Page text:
According to several meta‐analyses [5,11], this agent reduces vertebral (66–73%), non‐vertebral (33%), and hip (56%) fractures. In women with severe osteoporosis, a cycle of romosozumab provided additional benefits to alendronate [12].
Romosozumab is generally well tolerated; however, in some studies, a small increase in cardiovascular events was described (1.3% vs 0.9%); therefore, it is contraindicated in patients with a history of myocardial infarction or cerebrovascular accident and should be considered carefully in those with multiple cardiovascular risk factors.

11. Vertebroplasty and kyphoplasty
Although many noncontrolled studies have shown a marked analgesic effect, randomised clinical trials have provided conflicting results for vertebroplasty and kyphoplasty. Thus, they are not routinely recommended. They can be considered in patients with fractures less than 6 weeks old and severe pain despite medical treatment and in patients with fractures from 6 weeks to a year of evolution and persistent pain that responds poorly to analgesics if they show signs of oedema on MRI.

1. Decision to commence treatment

In general, patients with some of these characteristics should be treated:
1. 1. One or more fragility fractures, especially the vertebrae, hip, humerus, and pelvis (regardless of BMD).
2. 2. BMD <‐2.5 T score in the lumbar spine, femoral neck, or total hip.
3. 3. BMD in the “osteopenia” range (particularly if T is <‐2.0) together with factors strongly associated with fracture risk (e.g., hypogonadism or early menopause, treatment with glucocorticoids or antiestrogens).
Some situations require an individualised assessment of the clinical characteristics. In young women with only slightly low BMD and no fractures or other risk factors, delaying treatment can be considered because the absolute risk of fracture is low. By contrast, the coincidence of several important risk factors may lead to earlier treatment consideration. Scales that help estimate fracture risk (e.g., FRAX) may be helpful, although their validity in the Spanish population is limited.

2. Control of the therapeutic response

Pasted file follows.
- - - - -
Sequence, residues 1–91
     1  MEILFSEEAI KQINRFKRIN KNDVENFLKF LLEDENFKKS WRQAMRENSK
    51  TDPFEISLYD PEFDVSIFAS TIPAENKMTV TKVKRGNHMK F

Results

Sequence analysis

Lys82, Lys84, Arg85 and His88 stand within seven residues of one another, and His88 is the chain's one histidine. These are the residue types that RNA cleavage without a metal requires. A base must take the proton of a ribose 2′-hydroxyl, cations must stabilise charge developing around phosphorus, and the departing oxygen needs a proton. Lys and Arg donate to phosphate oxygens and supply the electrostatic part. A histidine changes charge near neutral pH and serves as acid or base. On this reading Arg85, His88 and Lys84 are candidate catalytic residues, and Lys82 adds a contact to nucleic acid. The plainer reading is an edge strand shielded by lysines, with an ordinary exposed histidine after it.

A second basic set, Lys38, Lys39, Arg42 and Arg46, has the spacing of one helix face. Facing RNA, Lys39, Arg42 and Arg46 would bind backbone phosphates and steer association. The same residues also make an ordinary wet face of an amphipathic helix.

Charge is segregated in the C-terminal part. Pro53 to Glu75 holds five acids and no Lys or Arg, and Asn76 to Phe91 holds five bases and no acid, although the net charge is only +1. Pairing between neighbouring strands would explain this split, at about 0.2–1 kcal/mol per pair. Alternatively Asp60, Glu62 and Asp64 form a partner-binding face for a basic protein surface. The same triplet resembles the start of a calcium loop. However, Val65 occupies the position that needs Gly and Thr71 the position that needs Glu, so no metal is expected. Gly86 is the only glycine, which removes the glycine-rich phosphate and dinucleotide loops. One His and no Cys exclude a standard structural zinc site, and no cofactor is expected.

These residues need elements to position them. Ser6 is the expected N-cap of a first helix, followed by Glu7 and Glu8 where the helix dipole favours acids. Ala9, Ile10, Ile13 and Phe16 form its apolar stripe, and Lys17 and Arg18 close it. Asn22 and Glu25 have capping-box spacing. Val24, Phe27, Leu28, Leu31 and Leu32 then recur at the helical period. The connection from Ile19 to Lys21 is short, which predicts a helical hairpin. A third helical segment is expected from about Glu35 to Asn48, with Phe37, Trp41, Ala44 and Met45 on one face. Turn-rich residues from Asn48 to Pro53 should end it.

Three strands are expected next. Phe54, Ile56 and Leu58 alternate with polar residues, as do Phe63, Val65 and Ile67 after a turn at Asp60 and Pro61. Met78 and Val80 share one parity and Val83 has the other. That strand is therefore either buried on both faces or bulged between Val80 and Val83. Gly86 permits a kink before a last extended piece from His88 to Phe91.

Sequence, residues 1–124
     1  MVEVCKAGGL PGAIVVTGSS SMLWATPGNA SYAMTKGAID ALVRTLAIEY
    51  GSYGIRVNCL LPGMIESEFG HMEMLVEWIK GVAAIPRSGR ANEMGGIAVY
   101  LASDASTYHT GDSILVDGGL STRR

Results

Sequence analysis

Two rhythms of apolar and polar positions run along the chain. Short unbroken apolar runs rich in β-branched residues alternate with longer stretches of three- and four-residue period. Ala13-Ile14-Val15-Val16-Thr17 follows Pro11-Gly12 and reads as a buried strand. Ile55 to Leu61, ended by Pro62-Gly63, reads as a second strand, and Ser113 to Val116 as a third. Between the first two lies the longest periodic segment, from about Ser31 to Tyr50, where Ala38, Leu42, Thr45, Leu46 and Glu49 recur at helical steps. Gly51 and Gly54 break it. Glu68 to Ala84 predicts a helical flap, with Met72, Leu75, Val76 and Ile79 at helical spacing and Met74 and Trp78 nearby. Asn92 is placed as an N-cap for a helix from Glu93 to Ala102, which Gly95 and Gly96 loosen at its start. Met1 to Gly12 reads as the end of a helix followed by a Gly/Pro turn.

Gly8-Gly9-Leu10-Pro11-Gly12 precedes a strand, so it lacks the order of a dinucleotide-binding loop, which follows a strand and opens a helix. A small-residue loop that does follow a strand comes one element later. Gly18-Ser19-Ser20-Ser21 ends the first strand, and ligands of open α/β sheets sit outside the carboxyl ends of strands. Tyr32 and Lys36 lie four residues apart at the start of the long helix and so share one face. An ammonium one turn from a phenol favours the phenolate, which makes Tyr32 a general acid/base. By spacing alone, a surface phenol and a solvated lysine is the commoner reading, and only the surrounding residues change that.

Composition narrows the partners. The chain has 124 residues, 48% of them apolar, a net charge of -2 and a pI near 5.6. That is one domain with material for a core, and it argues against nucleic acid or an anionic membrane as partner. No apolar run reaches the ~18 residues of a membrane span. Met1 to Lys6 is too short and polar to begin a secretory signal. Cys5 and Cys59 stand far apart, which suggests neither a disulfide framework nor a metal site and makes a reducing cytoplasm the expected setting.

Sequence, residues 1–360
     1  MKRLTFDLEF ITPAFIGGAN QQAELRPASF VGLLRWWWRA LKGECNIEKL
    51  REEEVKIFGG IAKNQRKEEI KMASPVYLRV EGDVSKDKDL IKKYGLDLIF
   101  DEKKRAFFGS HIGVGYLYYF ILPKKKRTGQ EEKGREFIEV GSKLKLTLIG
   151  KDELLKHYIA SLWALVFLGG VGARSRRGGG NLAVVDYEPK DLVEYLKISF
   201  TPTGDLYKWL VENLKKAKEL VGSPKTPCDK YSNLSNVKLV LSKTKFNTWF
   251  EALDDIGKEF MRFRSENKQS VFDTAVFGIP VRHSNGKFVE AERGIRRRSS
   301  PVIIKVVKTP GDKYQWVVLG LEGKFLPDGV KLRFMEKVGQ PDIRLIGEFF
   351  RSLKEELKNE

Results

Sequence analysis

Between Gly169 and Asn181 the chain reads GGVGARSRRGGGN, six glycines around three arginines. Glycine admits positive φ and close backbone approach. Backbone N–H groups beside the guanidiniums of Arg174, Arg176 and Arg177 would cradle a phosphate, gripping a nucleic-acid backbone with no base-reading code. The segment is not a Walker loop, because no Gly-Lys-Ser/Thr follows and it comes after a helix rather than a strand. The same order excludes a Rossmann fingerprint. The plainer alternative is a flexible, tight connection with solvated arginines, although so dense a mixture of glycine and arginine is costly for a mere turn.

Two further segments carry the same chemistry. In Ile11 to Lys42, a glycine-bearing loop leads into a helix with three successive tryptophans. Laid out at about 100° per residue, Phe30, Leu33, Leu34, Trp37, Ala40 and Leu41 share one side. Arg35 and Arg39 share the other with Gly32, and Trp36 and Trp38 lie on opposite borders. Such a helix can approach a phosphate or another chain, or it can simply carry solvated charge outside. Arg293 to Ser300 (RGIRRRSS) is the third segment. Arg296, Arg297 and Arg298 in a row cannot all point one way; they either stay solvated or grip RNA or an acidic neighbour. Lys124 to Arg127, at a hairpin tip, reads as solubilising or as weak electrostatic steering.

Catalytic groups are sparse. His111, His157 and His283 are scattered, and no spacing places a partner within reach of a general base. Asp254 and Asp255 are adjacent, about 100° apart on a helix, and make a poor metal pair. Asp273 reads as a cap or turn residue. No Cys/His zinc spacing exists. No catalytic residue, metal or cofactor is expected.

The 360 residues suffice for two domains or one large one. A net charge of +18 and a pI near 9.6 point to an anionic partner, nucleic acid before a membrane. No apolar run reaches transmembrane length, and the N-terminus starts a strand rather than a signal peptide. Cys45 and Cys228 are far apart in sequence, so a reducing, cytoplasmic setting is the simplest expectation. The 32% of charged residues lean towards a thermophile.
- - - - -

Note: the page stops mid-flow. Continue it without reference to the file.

If necessary, adherence to treatments can be monitored using BTMs, whose changes predict therapeutic response.
The beneficial effect of the treatment is confirmed by the evolution of BMD and the absence of new fractures. A change of treatment may be considered due to a possible inadequate response if two new fractures appear during treatment or two of the following events occur: a new fracture, a significant decrease in BMD (e.g., 4‐5%), or a decrease of the BTM less than the minimum significant change (approximately 25%).

3. Duration of treatment
Several aspects must be considered. Although the treat‐to‐target strategy is theoretically attractive, the aims to be achieved in treating osteoporosis are not well defined, limiting its practical application. For some experts, the absence of new fractures and an increase in BMD would be the most appropriate. Various experts have recommended a T score greater than ‐2.0 or ‐2.5 as a target, especially in the hip.
Several studies demonstrated the persistence of the effect by maintaining zoledronate for 6 years or alendronate or denosumab for 10 years. However, side effects (particularly ONJ and AFF) may increase with the duration of treatment. Therefore, it is recommended to reassess patients treated with BP at 3 (zoledronate) or 5 years (oral BP) and those treated with denosumab at 5‐10 years.
Treatment should be continued (with the same drug or with another) if any of the following circumstances occur:
a. BMD at the femoral neck <‐2.5 T.
b. The appearance of fragility fractures in the 3–5 years before evaluation.
c. Some experts also recommend continuing treatment if the patient has a history of hip or vertebral fracture at some point in life.
If none of these circumstances occurs, treatment with BP can be withdrawn, at least temporarily (“therapeutic holidays”): For risedonate, 1 year; for alendronate, 2 years; and for zoledronate, 3 years. In the case of denosumab, temporary interruptions should not be considered.

4. Sequential and combined treatment
4.1. Bisphosphonates after denosumab

After discontinuation of denosumab, bone turnover increases beyond baseline values (“rebound effect”). This is associated with a rapid decrease in bone mass gained and vertebral fractures in some cases. To avoid this occurrence, a powerful BP should be administered [13]. The first dose of zoledronate should be prescribed when denosumab is discontinued (i.e., 6 months after the last dose) and repeated when elevated BTMs are detected, generally at 6 or 12 months.
If the BTMs cannot be measured, the administration of zoledronate should be repeated 6 and 12 months after the previous administration, and the need for new doses should be individually considered. In patients who have received denosumab for fewer than 2.5 years, alendronate can be used instead of zoledronate.